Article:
Sunday, December 30, 2007

Former Twins via for Baseball Hall of Fame

Harmon Killebrew, Kirby Puckett, and Rod Carew are the former Minnesota Twins who are in the Baseball Hall of Fame (HOF). HOF members Paul Molitor, Dave Winfield, and Steve Carlton also played for short periods with the Twins. Now as every year at this time the Baseball Writers of America (BWA) are voting on candidates for the HOF.

There are no clear cut choices for the HOF this year, and two players with connection to the Twins are under consideration. Bert Blyleven spent about 10 years pitching with the Twins; helping them to a World Series victory in 1987. His 287 wins and 3701 strikeouts are among the all-time leaders in those categories.

Jack Morris (see left image) spent 14 years pitching in Detroit. In 1991 he returned to his native Minnesota to pitch for the Twins leading them to a World Series win in 1991. His 10 inning shutout win in Game 7 of the 1991 World Series is greatest one of the greatest World Series pitching performance ever. Morris won more games than any other pitcher in the 1980’s, and was the ace pitcher on three different World Series winning teams.

Despite their successes neither player has come close to making the HOF. Basically BWA voters say Blyleven was never a dominate pitcher during his career and his win – loss record is too close to .500. Morris meanwhile has a career ERA of 3.90 which would be the highest of any pitcher in the HOF. Both men were also not the most accommodating with the baseball writers, who now decide their fate, back when they played.

I watched both Blyleven and Morris pitch for years for and against the Twins. Morris definitely belongs in the HOF. He was the best pitcher of his era, and never seem to fail in a big game. Blyleven I go back and forth on. He definitely was a great pitcher, but I don’t know something just nags at me about his career. I think neither will be voted into the HOF by the BWA. Morris will likely get in via the veterans committee. It is sad that Jack Morris will have to wait so long for a honor he was clearly earned.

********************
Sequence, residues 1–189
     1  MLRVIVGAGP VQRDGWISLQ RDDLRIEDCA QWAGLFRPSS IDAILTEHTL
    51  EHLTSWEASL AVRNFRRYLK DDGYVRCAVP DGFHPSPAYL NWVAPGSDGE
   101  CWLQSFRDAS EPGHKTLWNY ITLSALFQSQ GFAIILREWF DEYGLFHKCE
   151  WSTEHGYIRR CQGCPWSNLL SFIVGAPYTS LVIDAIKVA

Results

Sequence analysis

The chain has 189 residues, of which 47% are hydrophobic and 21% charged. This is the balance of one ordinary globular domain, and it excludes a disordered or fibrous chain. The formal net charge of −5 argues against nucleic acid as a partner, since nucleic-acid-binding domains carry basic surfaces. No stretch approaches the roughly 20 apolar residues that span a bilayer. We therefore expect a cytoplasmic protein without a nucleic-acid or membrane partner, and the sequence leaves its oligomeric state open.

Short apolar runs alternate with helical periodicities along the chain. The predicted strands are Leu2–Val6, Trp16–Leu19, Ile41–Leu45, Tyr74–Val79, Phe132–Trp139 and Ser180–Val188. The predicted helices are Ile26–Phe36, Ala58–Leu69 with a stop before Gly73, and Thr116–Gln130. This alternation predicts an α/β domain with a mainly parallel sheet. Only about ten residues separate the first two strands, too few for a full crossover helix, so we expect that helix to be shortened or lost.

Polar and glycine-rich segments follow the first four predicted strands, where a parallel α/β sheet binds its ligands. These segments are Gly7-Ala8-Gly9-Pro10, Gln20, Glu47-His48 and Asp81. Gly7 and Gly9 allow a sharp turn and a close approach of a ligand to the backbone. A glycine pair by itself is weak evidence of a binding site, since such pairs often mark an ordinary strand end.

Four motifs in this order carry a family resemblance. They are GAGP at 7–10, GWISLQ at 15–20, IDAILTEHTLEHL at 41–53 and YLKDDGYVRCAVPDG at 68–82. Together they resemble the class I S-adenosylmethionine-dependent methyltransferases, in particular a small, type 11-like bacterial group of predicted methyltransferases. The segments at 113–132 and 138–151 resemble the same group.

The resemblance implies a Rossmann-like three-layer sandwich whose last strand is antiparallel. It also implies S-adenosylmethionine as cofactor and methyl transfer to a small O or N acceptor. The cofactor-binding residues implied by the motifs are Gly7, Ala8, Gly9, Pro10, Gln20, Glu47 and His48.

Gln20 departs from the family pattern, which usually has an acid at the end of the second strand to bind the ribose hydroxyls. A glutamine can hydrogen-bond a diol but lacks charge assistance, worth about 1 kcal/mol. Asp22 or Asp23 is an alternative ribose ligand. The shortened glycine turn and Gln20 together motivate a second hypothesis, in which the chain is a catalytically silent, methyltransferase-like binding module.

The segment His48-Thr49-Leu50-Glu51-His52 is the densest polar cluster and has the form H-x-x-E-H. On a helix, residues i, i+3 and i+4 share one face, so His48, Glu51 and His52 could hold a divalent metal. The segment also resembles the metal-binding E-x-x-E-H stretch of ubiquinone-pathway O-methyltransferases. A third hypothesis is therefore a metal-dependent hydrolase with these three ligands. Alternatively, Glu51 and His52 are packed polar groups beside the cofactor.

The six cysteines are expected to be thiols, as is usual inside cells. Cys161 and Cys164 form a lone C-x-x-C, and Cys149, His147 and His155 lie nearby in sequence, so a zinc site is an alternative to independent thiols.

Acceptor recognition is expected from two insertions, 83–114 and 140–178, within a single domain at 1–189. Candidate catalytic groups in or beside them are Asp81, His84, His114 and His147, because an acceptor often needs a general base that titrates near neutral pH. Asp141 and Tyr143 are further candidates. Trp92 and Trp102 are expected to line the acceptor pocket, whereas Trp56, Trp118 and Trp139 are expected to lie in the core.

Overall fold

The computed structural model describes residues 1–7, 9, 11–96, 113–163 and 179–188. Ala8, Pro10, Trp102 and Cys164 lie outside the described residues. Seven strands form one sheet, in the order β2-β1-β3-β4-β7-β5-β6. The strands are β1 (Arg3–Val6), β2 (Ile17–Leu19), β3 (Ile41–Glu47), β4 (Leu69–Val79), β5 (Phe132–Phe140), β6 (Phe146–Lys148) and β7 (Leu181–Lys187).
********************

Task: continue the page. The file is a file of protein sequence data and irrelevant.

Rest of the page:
Tuesday, December 18, 2007

Selected Country Music Artists Fortunes in 2008

I review what artists will do what in 2008.

Alan Jackson will do well in 2008. His album Good Times comes out March 4 and based on the reaction to his new single Small Town Southern Man on places like Country Universe and elsewhere the album should sell well. Small Town Southern Man should earn single and song of the year nominations. Could Good Times be country album of the year?

Even in this tough time for female artists in country music, Ashton Shepherd will make it. She may not be as successful as Carrie Underwood, but she does not have to be to enjoy a rewarding career.

Taylor Swift is not the greatest singer, but neither is Tim McGraw. He succeeded by making mostly good songs choices. Taylor’s has great potential as a song writer. If she realized this potential on her next album, due in 2008, she could have something. Taylor is also the master of using social media to mobilize and gain fans. This fan base should aid her in her efforts for success.

Faith Hill will leave country music, as she has stated, to make a more soul filled pop album. I wonder if this will be as successful as she thinks, because pop music may in a serious rut in 2008.

Brad Paisley and Keith Urban will have it out for the CMA Entertainer of the Year Award. Since Urban has won previously, Paisley would seem to be next in line. With Sugarland, Josh Turner, and Carrie Underwood coming up behind him, he had better hope he wins in 2008.